It might be difficult, when faced with a blank page, to work out what to write. But have no fear! You can fill it with so many things:
interesting questions (contingency plans if zombies should attack … ohhh I haven’t used that one yet!)
descriptions of books you’re reading/media you’ve enjoyed
adventures you have had/would like to have
what you ate for breakfast
opinions on the weather (… it’s practically a law, I think)
quotes/interesting snatchings of poetry
etc etc etc
So, if you are pondering letter writing – enjoy it! Go for it! Take the plunge! Find someone to exchange letters with. (And be bitter with me about the way that there isn’t spellcheck for writing letters by hand.) (And lament when the Royal Mail somehow mislays a letter EVEN WHEN IT’S ONLY GOING TO A CITY FORTY-FIVE MINUTES AWAY.) (I love them really. Also: what a shame, I’ll just have to write another letter.)
By the by, what is your favourite colour? And have I overused brackets in this post? (No.) (If anything I underused them.)
I’ve read about 180+ books this year. Here are some of the highlights that I’d recommend:
THE AMELIA PEABODY SERIES
Seriously. All of them. Especially The Falcon At the Portal, The Ape Who Guards The Balance, and He Shall Thunder In The Sky – it’s important to read the books before these ones because my gosh, it will hit differently. Ramses! My poor heart. Torn! Cut out of my chest! Sold on the black market to- okay, too far? Too far. (Also: RAMSES.) Oh! And The Deeds of The Disturber which is a personal favourite.
If you want to read an entire book series which sort of embodies The Mummy, with an epic heroine, her husband, son, and a cast of characters who will soon become dear friends … if you want to read about murder! humour! Egypt! Archaeology! Romance! This is the series for you.
Amelia Peabody bravely strides in where angels fear to tread, parasol brandished and steel-grey eyes flashing. She’s the sort of role-model we need.
THE ELEMENTS OF ELOQUENCE BY MARK FORSYTH
If you are a lover of words, this is a brilliant book to discover the world of rhetoric – Forsyth makes it all very delightful. I’ve hooted with laughter (YES. HOOTED. I AM USING THIS VERB) when reading this book. 10/10 would recommend. It has increased my love of language. I’m rereading it for the second time.
MEDITATIONS BY MARCUS AURELIUS
Okay. I saw this mentioned on Twitter by Russell Crowe (though I prefer to think that I discovered this in the bowels of a dusty, mystery-ridden library) and I was like hmm, that sounds interesting.
(It was interesting.)
I underlined a lot. It read like a personal diary, which in a way it was. It was like Ecclesiastes if Ecclesiastes was written by a Roman Emperor. I enjoyed it. I recommend it etc etc etc.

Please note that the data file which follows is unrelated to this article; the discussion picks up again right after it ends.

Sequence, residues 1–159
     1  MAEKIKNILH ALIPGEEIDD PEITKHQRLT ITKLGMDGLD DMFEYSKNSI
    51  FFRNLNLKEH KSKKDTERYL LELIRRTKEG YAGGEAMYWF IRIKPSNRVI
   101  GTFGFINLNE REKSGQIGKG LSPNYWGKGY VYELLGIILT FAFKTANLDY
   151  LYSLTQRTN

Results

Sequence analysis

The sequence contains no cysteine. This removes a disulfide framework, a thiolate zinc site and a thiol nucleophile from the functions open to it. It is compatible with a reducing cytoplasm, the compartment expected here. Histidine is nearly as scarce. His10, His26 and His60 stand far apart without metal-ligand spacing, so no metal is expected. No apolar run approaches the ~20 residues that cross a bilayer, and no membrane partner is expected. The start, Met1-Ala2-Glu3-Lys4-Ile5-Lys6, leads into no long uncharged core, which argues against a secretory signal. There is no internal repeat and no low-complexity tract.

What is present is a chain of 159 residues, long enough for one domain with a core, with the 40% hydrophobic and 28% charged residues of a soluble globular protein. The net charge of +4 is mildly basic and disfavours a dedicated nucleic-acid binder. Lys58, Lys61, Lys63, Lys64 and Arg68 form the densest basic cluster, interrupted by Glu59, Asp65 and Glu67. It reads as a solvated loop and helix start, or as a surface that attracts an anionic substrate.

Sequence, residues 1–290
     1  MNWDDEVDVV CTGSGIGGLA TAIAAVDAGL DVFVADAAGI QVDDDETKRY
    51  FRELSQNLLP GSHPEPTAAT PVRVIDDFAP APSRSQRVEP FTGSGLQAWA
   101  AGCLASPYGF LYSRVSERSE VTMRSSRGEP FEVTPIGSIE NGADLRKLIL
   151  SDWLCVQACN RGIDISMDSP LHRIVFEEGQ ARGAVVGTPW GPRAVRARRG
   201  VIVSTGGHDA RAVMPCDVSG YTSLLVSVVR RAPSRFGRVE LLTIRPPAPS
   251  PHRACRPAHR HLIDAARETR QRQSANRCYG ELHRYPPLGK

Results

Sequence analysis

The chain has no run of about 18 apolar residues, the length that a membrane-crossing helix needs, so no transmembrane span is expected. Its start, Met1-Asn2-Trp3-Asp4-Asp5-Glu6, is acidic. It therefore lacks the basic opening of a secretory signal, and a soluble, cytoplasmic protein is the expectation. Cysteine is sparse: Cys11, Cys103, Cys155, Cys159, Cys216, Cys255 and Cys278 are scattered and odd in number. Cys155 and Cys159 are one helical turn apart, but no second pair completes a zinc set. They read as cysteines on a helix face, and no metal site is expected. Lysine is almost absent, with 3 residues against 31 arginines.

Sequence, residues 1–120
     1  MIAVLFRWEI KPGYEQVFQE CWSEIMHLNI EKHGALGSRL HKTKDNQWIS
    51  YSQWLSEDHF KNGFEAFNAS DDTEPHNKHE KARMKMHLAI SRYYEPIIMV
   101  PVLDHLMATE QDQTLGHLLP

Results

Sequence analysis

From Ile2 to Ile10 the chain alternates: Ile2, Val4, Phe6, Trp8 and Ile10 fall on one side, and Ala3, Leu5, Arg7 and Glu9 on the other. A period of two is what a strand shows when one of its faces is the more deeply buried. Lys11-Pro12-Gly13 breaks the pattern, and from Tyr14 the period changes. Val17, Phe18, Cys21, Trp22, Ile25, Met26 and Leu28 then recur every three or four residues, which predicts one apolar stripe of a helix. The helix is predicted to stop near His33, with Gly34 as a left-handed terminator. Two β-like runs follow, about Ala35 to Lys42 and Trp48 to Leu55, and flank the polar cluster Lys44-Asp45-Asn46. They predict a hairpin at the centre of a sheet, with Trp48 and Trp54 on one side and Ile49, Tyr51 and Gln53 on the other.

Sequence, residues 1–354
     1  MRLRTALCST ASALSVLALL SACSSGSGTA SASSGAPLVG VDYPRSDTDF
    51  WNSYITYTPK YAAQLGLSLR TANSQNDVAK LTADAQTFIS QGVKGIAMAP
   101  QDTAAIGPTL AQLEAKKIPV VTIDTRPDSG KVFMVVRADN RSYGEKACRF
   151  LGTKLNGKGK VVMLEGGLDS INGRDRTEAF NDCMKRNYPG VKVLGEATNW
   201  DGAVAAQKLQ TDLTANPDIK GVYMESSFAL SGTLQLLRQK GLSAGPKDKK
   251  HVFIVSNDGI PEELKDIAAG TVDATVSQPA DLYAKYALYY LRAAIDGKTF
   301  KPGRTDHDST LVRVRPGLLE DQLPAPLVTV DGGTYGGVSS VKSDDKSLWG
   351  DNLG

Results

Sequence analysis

A NATURAL HISTORY OF DRAGONS BY MARIE BRENNAN
Yes. It’s like the Amelia Peabody series in a way – but instead of mummies, she studies dragons. AHHHHHH. How could you not want to read that sort of thing? I haven’t read the rest of the series but this is one I would definitely continue.
The above are a few books that I read – I read *cough* quite a few romance novels (full of melodrama! pet penguins! very realistic circumstances!) and slipped in a few comics (Batman: White Knight was pretty good though it suffered from a lack of Catwoman.)
BOOKS I WANT TO READ NEXT YEAR:
I’ve got a list. Or at least, I had one mentally. Now I’ve got this one. Life is good. Here’s the list. Or part of the list:
My collection of Georgette Heyer murder mysteries (‘They Found Him Dead’ which honestly is up there with Falling In Love With His Wife levels of book titling)
One simply entitled ‘the nunnery book’ which I’ve been reading for approximately five years or more. It’s a history of nuns and it is very fascinating. So fascinating I’ve been spacing it out for … a long, long time.
Rereading a few favourites – the only zombie book I own and also Nine Coaches Waiting which is peek gothic lit as far as I’m concerned.
Finishing off a few books I started this year (Why We Sleep and Frankenstein which really are not related in the least.)
All in all, I have 45 books listed in my cramped hand. Of course, I may disregard some quite callously, and add a few more just for larks. Why not? Reading has, as ever, been a blessing this year – I’m sure it will be the same in 2021.
What books did you enjoy in 2020 / are looking forward to reading in 2021?
The stack of books by my bed is as tall as my bed itself. I’ve recharged my kindle and read it most every night. This year, I’ve managed to read 182 books. I’m not sure what I should do with that number. There were so many good ones, and some infamous ones which weren’t quite my cup of tea.
I’m knitting a scarf – it is hideously ugly and terribly done and I am enjoying it immensely. It’s quite refreshing to just do and not be anxious about getting it perfect or doing it well.
(I hadn’t put my finger on my striving to always do things correctly and the ludicrous amount of stress that entails, until I picked up the knitting needles.)
A Suffragist Abroad is still being editing – the final stretch, before it goes to a beta reader. I’m going through it as though I’m the reader instead of the author and it’s quite lovely. (Bonkers, weird, slightly mad – those words apply too). Let me tell you, I cant wait for you to meet Vi and Mr. Sorrow.
The UK is still in the clutch of Tier system and Christmas won’t be the same for many, many people. The stars are still shining though. I checked for you, last night. In spite of the clouds (‘the Milky Way is moving quickly’ was quipped with great humour) and the drizzle, the heavens peered down and two shooting stars streaked across the sky.